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Deuce Cities Henhouse

Planning a Raised Bed Garden

What the heck? Two gardening posts in 1 week and it’s not even March? I know, I know, I am totally crazy, but when I get on this kick it’s all I can think about. I mentioned a few days ago that I was considering a raised bed garden and then after chatting with my Ma, I was convinced it was something we should totally do. Finn is so interested in gardening and has been since he could walk that I think caring for a small veggie garden would be something he’d really like to do.

The Space:
Our backyard is decent size for the city but isn’t huge. We have gardens around the perimeter of the backyard and the interior space is all lawn for playing, grilling, bagging, and chilling. The only space we really have for a raised bed veggie garden would be in the small side yard between our house and the neighbors. It’s actually not a bad location because it’s south facing and gets lots of light all day long, the space itself is long and narrow. Pictured above (way at the top) are two possible raised bed layouts, one would function as a 4’x 8′ rectangular garden, and the other would follow the line of the house, leaving a more tailored looking walkway and garden. Obviously, the latter option is the better, but my the solution is harder than that. This is a problem of form vs function.

The Kits:
I was looking around for raised bed kits (which can be insanely expensive by the way) when I came across the most beautiful and modern looking garden kit made by Scout Regalia out of California. The garden hardware is well designed, made by local people and produced as eco friendly as possible. I loved it immediately.

Since I am internet shopping junkie, I had to do my due diligence and make sure I wasn’t missing anything better. I continued my search and stumbled upon these aluminum corners made by Burpee, the cost is slightly less but the great thing about these is the tubes interlock thus allowing them to pivot. They can accommodate any angle, so it would be totally possible to make a garden that followed the contour of the house and not have to get out my protractor. Not only that, they can be easily added on to, so if next year I wanted to expand my garden it won’t be a problem.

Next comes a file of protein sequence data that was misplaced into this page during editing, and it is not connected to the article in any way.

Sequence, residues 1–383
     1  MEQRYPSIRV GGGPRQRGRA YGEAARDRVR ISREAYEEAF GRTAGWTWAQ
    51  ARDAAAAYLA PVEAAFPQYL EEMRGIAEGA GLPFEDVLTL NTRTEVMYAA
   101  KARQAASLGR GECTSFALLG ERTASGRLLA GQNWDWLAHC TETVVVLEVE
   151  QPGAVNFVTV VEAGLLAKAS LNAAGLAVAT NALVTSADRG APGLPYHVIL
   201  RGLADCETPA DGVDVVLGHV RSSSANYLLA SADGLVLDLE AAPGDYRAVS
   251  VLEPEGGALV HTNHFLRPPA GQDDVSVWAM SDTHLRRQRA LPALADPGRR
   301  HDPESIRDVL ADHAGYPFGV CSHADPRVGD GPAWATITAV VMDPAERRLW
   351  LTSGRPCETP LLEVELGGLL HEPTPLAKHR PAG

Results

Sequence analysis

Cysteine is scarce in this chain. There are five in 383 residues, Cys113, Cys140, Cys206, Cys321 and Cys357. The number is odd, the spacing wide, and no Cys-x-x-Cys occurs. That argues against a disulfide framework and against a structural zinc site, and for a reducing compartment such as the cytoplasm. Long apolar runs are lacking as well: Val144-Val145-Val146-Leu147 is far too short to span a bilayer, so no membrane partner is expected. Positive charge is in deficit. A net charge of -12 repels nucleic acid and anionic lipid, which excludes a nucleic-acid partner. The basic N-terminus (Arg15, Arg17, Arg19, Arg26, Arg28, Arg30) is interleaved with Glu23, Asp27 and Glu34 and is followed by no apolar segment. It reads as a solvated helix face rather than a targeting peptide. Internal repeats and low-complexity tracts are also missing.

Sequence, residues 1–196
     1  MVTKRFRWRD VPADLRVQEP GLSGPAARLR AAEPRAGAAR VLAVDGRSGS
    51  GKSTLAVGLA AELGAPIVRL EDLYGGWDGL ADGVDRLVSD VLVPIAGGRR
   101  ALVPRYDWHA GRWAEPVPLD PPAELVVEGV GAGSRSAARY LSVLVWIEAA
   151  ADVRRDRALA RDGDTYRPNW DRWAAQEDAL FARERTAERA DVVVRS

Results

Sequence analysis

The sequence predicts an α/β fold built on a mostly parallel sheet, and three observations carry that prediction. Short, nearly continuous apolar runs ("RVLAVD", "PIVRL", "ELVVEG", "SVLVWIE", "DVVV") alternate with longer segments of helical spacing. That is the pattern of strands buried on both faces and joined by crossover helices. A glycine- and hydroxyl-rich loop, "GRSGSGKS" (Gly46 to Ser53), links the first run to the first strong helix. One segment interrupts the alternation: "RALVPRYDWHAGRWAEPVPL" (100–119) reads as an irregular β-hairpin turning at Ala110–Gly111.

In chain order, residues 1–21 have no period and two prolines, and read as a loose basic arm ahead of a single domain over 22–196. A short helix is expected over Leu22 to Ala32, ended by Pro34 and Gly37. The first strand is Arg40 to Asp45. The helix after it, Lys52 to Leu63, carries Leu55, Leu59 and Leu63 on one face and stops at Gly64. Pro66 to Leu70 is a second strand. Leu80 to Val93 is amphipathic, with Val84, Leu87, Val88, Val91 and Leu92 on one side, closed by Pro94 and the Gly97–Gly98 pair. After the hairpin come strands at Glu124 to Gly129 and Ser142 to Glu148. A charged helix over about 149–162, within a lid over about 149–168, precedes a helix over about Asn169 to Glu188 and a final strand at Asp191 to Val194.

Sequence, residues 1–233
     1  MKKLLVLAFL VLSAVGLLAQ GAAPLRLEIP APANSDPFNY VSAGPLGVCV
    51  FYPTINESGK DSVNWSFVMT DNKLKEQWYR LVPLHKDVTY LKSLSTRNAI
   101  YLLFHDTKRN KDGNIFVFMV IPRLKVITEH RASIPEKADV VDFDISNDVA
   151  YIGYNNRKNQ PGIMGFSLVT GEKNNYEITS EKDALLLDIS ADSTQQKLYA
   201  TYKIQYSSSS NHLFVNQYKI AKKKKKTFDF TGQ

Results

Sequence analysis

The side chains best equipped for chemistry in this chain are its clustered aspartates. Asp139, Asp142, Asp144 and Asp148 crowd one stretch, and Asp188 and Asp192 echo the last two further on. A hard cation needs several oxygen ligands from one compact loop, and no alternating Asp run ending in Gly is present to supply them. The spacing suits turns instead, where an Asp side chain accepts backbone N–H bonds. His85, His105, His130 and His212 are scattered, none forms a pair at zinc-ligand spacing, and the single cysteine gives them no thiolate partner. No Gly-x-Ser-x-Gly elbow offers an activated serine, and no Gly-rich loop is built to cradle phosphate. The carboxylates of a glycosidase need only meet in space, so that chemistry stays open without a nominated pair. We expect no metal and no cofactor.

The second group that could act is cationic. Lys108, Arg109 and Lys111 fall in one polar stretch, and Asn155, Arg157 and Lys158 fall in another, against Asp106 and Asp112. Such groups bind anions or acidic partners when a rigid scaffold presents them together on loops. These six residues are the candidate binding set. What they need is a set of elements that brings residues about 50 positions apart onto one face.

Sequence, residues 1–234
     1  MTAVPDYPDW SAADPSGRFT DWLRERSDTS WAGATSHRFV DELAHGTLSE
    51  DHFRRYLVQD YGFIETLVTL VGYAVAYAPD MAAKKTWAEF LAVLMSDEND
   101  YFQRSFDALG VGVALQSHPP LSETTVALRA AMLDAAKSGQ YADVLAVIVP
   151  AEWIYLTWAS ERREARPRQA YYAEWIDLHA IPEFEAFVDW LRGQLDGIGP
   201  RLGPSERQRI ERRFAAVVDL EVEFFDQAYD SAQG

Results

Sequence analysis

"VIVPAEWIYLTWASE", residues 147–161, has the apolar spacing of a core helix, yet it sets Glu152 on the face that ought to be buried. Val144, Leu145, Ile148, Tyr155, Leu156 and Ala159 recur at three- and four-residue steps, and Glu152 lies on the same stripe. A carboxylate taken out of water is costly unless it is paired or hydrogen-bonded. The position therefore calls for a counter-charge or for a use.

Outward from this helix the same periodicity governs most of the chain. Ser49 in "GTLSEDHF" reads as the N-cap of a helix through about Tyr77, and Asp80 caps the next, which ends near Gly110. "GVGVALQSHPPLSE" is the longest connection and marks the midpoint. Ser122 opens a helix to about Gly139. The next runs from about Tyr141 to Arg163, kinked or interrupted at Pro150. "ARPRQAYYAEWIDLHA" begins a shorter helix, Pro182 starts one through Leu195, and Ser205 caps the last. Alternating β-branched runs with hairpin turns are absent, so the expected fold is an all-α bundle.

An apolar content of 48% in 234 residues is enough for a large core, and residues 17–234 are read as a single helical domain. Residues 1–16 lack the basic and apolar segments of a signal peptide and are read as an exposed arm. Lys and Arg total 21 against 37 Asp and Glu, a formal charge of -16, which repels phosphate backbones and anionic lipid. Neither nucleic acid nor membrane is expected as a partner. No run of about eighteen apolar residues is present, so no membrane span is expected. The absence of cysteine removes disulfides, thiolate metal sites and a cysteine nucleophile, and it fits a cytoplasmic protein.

The Decision:
In the end I think I’ll have to go with the pivoting aluminum corners from Burpee but I think the rectangular raised bed kit from Scout Regalia is oh-so-great. If anyone is looking for a rectangular raised bed garden please go check these out. I hope somebody else has the perfect place for this raised bed garden in their yard.

Also, BLAOW: This is the greatest patio table I have ever seen in my whole life, the next time I have 3 G’s burning a hole in my pocket it’s mine.

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13 comments… add one
  • Roonz February 24, 2012

    The most expensive part of our raised bed was going to be the dirt. Then we found a place over in Hopkins where you can get a cubic yard for like $25 if you pick it up yourself. Make sure to look around and you are always welcome to the truck (it holds exactly 1 cubic yard of dirt!).

    • Scoops February 24, 2012

      What kind of wood did you use in yours? I suppose we’ll have to buy some fancy cedar or something too.

      I forgot that you guys had done this last year – are you getting excited to plant stuff??

      Thanks for the truck offer (and the dirt on dirt), you are a good friend.

      • Roonz February 24, 2012

        I ended up using cedar fence planks. They weren’t my number one choice, but they were inexpensive and smell nice. In hindsight I wish I had sealed them last year as they have turned sort of grey but they don’t look bad. They worked well at 6 feet long. I put two on each side and was left with a nice 6 ft square box.

  • Meg@ourwaytoeat.com February 24, 2012

    This will be my third year gardening with raised beds. They are awesome, awesome awesome. I followed the Square Foot Gardening method. My handy husband gets all of the credit for it, but our beds are all DIY. I wouldn’t recommend getting fancy wood. You have to water these puppies a lot so your wood is going to rot and need to be replaced every few years. Just make sure it is untreated lumber. I haven’t mastered soil yet. The square foot gardening book recommends a mix that includes vermiculite which I am pretty sure is a carcinogen. My mix (all purchased by the bag and lugged home in a very weighed down car bag, then mixed on a tarp) is partly peat and partly organic compost and it is heavy. I am trying to get enough energy to start some peppers and tomoatos in the house this year. I don’t want to know how much I spent on those. Good luck with your raised bed. I bet you’ll love it.

    • Scoops February 25, 2012

      Thanks so much for the good advice. I do have a husband, but he is not handy, which is why I would like to get the burpee kit. It picks up the slack in the handy department, and makes it easier on me. I will have to do more research about this Square Foot Gardening Method, it sounds interesting, and I have no idea where to start.

      Question, would you recommend fancy wood it if the garden was right outside your dining room window, or do you think it would still grey and rot quickly and hold up just like cheap lumber? I really appreciate all the advice.